History and Values Prompt $500,000 Gift to Germans From Russia Heritage Society
Tobin, Paulette. "History and Values Prompt $500,000 Gift to Germans From Russia Heritage Society." Grand Forks Herald, 26 November 2000.
After years of shrewd investment and hard work, Roger Haas of Portland, Ore., is a wealthy man. But it was an impoverished childhood in the Dakotas, the values he learned from his parents and lots of prayer that led him to give $500,000 to the Germans from Russia Heritage Society.
Haas, born near Zeeland, N.D., into a family of Germans from Russia, and his wife, Roberta, gave the money so the society could build a new headquarters in Bismarck.
With a master's degree in education, Haas was a teacher and school administrator in the Portland area for about 20 years before quitting to devote himself full-time to buying run-down properties, rehabilitating them and renting them. What began as a hobby made Haas and his wife, also a teacher, rich.
Today, Haas and his wife, who also grew up poor, continue to live frugally in the basement of a beautiful home. They have a dishwasher they don't use. After washing dishes in a pan in the sink, Roberta Haas pours the water into pail to save for flushing the toilet. They drive a Lexus but will stop to pick up aluminum cans along the highway, said Ted Becker of Williston, N.D., chair of the Germans from Russia Heritage Society building committee.
"They are so content to be with each other that creature comforts really mean very little to them," Becker said. "And work -- you wouldn't believe the work ethic this man has."
Haas said he never forgot a favorite saying of his German father: "Arbeit macht das leben suss" -- "Work makes life sweet." Nor did he forget the wish of his mother, who died at age 39 in 1945, that he and his brothers become educated so they could have a better life than their parents had.
"This all came about because of the most tender things in life: A mother passing, who had lost her own mother, and who wanted the best for her children; and my father and mother, who had lost their firstborn," Haas said of the $500,000 gift. "The tragedies make us want to preserve all that which is our rich heritage."
Haas was born in 1934 to August and Kathryn Schauer Haas. His father was born near Zeeland and his mother, who came to America in 1911, was born in Neudorf, Russia. Neither had much education, although his mother did take high school by correspondence. August and Kathryn were married in 1928, and lived near Venturia, N.D., where their first child died when she was 3 days old. Later, they had four sons: Elmer, Roger, Larry and Christian.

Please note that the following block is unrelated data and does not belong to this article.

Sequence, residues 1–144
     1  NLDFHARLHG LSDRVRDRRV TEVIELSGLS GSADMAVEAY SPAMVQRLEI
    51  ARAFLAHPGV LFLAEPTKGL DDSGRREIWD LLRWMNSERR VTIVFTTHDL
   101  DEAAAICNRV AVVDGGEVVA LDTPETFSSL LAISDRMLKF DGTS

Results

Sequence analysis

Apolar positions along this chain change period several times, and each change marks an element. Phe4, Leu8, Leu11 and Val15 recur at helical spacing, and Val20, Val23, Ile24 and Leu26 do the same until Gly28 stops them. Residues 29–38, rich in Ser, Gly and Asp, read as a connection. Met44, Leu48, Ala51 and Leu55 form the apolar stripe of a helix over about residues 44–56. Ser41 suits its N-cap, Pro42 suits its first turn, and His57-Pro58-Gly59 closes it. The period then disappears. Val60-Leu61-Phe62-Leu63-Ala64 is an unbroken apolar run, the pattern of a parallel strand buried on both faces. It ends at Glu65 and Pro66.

The family lived north of Zeeland before Roger was born, and then lived in the Sutley area southwest of Eureka, S.D., from 1941 to 1946.
Kathryn Haas died when Roger was about 11 and his youngest brother was about 31/2. Part of the family tragedy, Haas said, was that Kathryn Haas' mother also had died young, in childbirth, when Kathryn was about 12. And Roger's father, August Haas, was an infant when he lost his mother, who died three days after giving him birth.
After Kathryn Haas died, said Roger Haas, he and his older brothers cooked meals of rice and potatoes and washed their little brother's diapers in a creek.
His mother encouraged his education, but after she died, his grades fell and there were some Ds and Fs. Then his father remarried, and the family moved to Forbes, N.D., where Haas entered seventh grade and failed his first year of physiology. That woke him up, Haas said, and he started working harder.
The Haas family spoke German. English -- which Roger spoke only at school -- was difficult for him. After graduating from high school in 1952, he enrolled at the State Normal and Industrial College in Ellendale, N.D., and took extra English classes to improve himself.
By then, his work ethic was well established. He worked as a farmhand for the Severance brothers of Frederick, S.D., while he was in high school. After teaching school near Linton, N.D., for a year, Haas returned to work for the Severance brothers. By then, he had $1,000 in the bank and a car. He and a cousin and another young man went west to enroll at Cascade College in Portland. There, while selling Fuller Brushes, he met Roberta. They were married in 1955, and both taught.
Instead of playing during their spare time, Haas said, he and his wife began buying rental properties and fixing them up.
"We bought total junkers, places that had been vacant or were in bad condition. We always got the bottom of the barrel because that is all we could afford; but knowing how to improve things, we would go in and fix them up and clean them up and rent them out."
Today, Haas and his wife still manage their properties, but they are starting to sell them. They have begun to give their money away to the church and other causes, including the Germans from Russia.
Haas has co-authored a family history book, and is president of the Oregon Chapter of the American Historical Society of Germans from Russia, which has headquarters in Lincoln, Neb. Still, he did his research on the Germans from Russia Historical Society before deciding to give them money. He and Roberta also spent a lot of time in prayer.
Walter H. Rehling of Hebron, N.D., president of the Germans from Russia Heritage Society, said a strong sense of history, of family, and of the hardships endured by the Germans from Russia helped Haas decide to give the $500,000 gift.
"It was a sense of what his mother and father did for him and his brother, not monetarily, but from the standpoint of personal motivation and encouragement," Rehling said. "I think when this opportunity came along, he saw where he could pay something back."
Reprinted with permission of the Grand Forks Herald.